The problem with JPEG is that its compression algorith is lossy, meaning it drops some data each time it is used. In plain English, your file gets worse every time you save it. Thus, you want to make saving in JPEG format the last thing you do before uploading.
But often times you will want an original copy that you can later work on without having to rescan, or perhaps you are scanning in one program and editing in another, or making edits in more than one program. Thus you will need to save your image in a format that does not lose data each time like JPEG does. TIFF is one such format that is popular; personally I use PICT which is a more common format on the Macintosh. But both TIFF and PICT are much too big to be used on the Internet. For example, one of my photos that I have in both PICT and JPEG format on my hard drive is 1.4MB as a PICT, and 92kB as a JPEG.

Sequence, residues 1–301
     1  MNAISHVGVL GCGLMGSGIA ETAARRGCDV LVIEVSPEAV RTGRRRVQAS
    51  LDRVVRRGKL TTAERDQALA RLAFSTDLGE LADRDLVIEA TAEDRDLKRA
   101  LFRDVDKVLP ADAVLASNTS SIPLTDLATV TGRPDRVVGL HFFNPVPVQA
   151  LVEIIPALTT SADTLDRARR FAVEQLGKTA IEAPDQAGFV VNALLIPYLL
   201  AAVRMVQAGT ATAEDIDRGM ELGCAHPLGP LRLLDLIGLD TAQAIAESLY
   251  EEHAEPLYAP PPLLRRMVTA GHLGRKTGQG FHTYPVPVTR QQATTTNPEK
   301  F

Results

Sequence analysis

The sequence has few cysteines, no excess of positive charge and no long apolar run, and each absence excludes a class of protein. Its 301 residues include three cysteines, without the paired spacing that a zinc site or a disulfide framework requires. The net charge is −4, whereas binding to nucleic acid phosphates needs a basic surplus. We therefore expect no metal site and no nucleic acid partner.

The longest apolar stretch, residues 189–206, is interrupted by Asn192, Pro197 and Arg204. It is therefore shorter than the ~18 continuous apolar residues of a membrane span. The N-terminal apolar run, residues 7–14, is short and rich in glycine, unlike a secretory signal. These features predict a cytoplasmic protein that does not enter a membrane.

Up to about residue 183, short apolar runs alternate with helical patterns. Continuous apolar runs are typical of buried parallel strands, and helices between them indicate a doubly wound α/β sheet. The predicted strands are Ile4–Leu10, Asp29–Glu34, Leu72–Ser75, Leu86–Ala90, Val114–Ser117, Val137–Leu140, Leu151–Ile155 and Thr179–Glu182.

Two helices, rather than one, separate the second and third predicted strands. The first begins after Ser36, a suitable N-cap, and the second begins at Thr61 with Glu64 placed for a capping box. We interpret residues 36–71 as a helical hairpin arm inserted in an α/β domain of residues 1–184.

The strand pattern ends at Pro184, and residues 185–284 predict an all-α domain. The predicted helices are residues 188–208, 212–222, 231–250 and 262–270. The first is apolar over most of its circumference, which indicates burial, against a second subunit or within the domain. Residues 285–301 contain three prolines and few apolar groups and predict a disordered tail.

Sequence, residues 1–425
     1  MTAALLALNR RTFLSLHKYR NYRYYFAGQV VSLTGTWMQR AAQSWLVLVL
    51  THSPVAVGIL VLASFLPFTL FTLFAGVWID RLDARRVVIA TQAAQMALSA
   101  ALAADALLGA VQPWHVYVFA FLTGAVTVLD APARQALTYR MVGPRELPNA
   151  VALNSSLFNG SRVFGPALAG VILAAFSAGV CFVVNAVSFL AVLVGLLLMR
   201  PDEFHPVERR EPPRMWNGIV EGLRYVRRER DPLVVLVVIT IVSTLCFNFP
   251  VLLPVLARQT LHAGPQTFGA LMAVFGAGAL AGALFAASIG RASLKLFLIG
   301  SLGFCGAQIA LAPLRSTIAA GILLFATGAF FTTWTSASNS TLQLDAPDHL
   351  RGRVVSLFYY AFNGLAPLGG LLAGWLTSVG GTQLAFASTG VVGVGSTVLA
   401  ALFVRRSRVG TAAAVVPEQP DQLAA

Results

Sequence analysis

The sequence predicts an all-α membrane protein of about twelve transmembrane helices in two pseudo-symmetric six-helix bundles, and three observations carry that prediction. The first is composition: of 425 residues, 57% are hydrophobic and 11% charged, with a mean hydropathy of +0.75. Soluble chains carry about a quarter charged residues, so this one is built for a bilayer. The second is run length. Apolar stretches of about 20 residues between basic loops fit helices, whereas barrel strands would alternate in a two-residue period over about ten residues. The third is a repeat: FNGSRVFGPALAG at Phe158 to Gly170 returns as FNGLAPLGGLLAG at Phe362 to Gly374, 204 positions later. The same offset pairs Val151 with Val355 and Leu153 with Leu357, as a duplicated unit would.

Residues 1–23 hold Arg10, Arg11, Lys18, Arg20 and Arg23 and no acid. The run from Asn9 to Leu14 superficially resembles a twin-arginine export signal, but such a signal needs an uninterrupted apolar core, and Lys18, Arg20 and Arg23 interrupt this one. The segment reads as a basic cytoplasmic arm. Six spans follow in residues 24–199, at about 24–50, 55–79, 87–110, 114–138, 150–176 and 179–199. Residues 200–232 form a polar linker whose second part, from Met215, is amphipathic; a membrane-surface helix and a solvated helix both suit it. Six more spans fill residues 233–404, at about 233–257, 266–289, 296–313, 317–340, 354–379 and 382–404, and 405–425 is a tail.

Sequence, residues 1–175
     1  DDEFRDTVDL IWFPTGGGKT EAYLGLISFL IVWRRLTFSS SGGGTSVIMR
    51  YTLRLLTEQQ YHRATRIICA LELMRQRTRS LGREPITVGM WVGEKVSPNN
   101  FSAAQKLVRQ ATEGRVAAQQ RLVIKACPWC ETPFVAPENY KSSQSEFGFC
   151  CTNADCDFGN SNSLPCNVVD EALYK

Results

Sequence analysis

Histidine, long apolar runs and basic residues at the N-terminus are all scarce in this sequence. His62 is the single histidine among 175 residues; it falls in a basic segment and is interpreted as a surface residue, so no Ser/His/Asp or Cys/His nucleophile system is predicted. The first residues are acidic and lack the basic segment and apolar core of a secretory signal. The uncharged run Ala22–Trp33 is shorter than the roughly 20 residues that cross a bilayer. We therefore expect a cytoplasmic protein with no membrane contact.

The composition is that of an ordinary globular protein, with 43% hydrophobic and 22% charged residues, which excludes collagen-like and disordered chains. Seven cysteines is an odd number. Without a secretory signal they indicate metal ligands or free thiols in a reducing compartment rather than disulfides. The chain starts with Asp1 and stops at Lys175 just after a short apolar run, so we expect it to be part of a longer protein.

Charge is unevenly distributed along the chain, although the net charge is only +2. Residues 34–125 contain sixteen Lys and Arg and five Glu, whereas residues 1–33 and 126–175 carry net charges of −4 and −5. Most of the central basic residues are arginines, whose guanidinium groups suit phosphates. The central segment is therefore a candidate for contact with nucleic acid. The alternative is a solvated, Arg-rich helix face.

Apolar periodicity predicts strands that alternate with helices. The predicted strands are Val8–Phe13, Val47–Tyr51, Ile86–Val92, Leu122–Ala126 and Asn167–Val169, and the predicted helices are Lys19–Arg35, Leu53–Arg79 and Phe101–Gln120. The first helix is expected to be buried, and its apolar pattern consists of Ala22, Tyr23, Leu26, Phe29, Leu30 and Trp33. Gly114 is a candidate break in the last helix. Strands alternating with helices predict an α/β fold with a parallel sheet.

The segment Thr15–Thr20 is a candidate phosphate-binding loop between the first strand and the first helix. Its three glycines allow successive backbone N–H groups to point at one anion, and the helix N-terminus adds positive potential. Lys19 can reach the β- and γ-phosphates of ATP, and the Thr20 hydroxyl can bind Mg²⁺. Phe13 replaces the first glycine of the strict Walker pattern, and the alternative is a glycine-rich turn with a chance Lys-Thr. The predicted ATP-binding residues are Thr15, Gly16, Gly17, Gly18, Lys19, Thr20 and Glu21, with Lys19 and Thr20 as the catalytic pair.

Regarding your second question, I don't know Adobe Photo Deluxe specifically, but in most of the image editors I have used, there is some sort of "Options" button in the "Save As" dialog box, if you click it while JPEG is selected as your format, there should be some sort of option. It could refer to either "Compression" or "Quality". For Airliners.net, you want maximum Quality or minimum Compression. This is because Airliners.net has its own routines to optimally compress the image, so you want to give them the best image you can to start with. These files are generally pretty big, so if you are uploading them to your own site, you will want to save another copy (from your TIFF original, not the JPEG you just saved; see what I just wrote above) with a slightly lower Quality setting or slightly higher Compression setting. In one program that I have used a lot, GraphicConverter, the setting refers to Quality. Airliners.net images saved at 100% Quality are often over 400kB, while versions of the same imaged saved for my own web site are done around 75% Quality and file sizes tend to hover near 100kB, with very few visible differences.